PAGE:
Reading my students poems used to give me stomach pains. I would have explained to them what abstractions were. I'd have made them take abstractions, say like "evil," and then write the abstraction concrete, such as "selling tickets to a rape." (Ugh!)
Then I'd get their poems, and even though I told them I'd take five points off for each abstract word beyond one, there would be four or five in a short poem--honor, truth, faith, trustworthy, loyal friendly--sorta like the Boyscout code.
There's that famous Nabakov line: Caress the detail, the divine detail.
I'd tell 'em the heavy use of abstractions was a sign of lazy writing. I'd have them visualize.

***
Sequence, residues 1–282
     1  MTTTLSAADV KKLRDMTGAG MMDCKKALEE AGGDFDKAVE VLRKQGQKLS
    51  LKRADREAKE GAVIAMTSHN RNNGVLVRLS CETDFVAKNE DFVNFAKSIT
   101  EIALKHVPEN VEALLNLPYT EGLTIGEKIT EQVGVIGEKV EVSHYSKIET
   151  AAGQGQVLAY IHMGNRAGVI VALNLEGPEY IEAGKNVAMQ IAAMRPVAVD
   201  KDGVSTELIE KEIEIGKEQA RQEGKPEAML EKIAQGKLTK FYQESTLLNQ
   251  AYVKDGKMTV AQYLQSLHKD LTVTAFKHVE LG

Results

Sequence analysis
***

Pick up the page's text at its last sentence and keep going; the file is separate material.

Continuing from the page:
But they just wouldn't quit. I still got stomach aches. So I made them write narrative poems, put in scene and character, and plot, and that got rid of most of it. I suppose the narrartive poem ain't cool these days, but I gave up worrying about cool back in high school. The narrative poem is good practice--a lead in--to the short story, but I get GOOD ONES, good poems.
Maybe you're more tolerant toward abstraction. It seems a large part of the rhyme in hip-hop poetry. How do you justify them, or how do you chase them away? Tell us.